Even the large media conventions like DragonCon won’t get 100% of the attendees seeing the big media guests. 90% of the attendees probably don’t even know who the guests are.
People go to social media for the same reason they attend conventions in real life. Some go to meet like-minded people. Some visit to see their friends. Others come for an education. A goodly portion come to promote something.
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Here are Kris’s rules of social media:
1. Have fun.
If you hate parties, do you go to them? Back in the day when your publisher forced you to go to conventions, did you spend most of the time hiding in your room? Do you hate the way that Facebook works and get annoyed every time you go?
Then don’t go.
It’s as simple as that. Participating in social media is truly not required. Remember Scott William Carter’s WIBBOW test. Would you rather be writing? Then write.
I really can’t stress this enough.
In 2010, I interviewed a group of people who were using social media very well at that moment in time. I did it for the Online Networking section of The Freelancer’s Survival Guide. While some of the information shows its four-year-old roots, other things stand out.
Everyone I interviewed stressed that they enjoyed what they were doing. Neil Gaiman said it best:
I’m not sure if any [of what I do online] is networking. I mean, if it is, I never did it to Network. I did it because it was fun, and because writing can be a very lonely profession. It’s fun to have people to talk to, fun to have people who talk to you, and great to have people who will answer your questions (even if they’re wrong). I also feel that it levels the playing field, which I like.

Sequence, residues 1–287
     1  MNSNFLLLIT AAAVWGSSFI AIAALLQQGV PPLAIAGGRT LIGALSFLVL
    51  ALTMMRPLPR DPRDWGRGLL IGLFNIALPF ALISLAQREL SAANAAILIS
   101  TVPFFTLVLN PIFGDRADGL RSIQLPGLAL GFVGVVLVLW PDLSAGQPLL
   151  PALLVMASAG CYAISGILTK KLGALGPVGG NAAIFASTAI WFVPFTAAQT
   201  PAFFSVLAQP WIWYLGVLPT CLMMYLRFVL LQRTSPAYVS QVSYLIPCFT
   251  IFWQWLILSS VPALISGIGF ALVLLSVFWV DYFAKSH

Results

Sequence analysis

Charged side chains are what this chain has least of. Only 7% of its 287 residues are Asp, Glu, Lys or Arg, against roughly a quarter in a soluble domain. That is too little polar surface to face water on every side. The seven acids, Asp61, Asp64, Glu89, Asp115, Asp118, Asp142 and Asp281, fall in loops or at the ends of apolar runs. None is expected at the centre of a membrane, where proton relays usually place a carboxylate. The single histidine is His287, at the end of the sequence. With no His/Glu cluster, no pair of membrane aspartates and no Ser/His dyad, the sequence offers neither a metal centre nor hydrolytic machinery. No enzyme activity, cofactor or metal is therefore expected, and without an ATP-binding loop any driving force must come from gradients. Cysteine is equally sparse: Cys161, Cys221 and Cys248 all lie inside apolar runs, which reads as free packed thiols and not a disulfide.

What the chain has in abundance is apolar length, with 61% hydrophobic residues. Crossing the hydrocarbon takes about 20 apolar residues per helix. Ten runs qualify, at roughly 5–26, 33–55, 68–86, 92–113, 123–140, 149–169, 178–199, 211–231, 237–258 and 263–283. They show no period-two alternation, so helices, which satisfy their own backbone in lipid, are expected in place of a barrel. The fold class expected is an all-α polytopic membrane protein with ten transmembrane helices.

It’s pretty clear, if you follow Neil on Twitter, that he enjoys this stuff. In fact, when he does do a marketing post or something about himself, he gets a little cute for my tastes. He always puts WARNING:Contains me on the post. I would hope he posts about himself. That’s one reason I follow him.
The other reason? His tweets are always interesting—and clearly were four years ago as well.
I go on Twitter several times per day—not because I feel the need to or because I’m trying to hit a quota, but because I now use it as a news source and a way of seeing friends. Often, I don’t Tweet at all. Twitter is my favorite social media site.
Last week, others mentioned Google+ and Pinterest as favorites. I personally like Google+ and am afraid of Pinterest as a time-sink, so I avoid it. Those are my preferences. Those are the parties I want to go to, with the people I want to see.
I have fun there, so I visit out of enjoyment.
PG will second Kris’ advice to have fun with social media. He has fun with The Passive Voice but he doesn’t have fun on Twitter (although he has over 50,000 followers). He spends time on The Passive Voice, but doesn’t on Twitter.
PG tweets a lot, but his tweets are tied to his blog posts and automatically created whenever a new blog post appears. The purpose of the tweets is to let PG’s followers know there’s a new blog post on The Passive Voice. He does the same thing with Facebook.
As he’s mentioned before, a significant minority of PG’s blog traffic comes via Twitter, so he makes certain the TPV to Twitter connection is working and he keeps tweets in mind when he creates blog headlines which is what comprise his auto-tweets.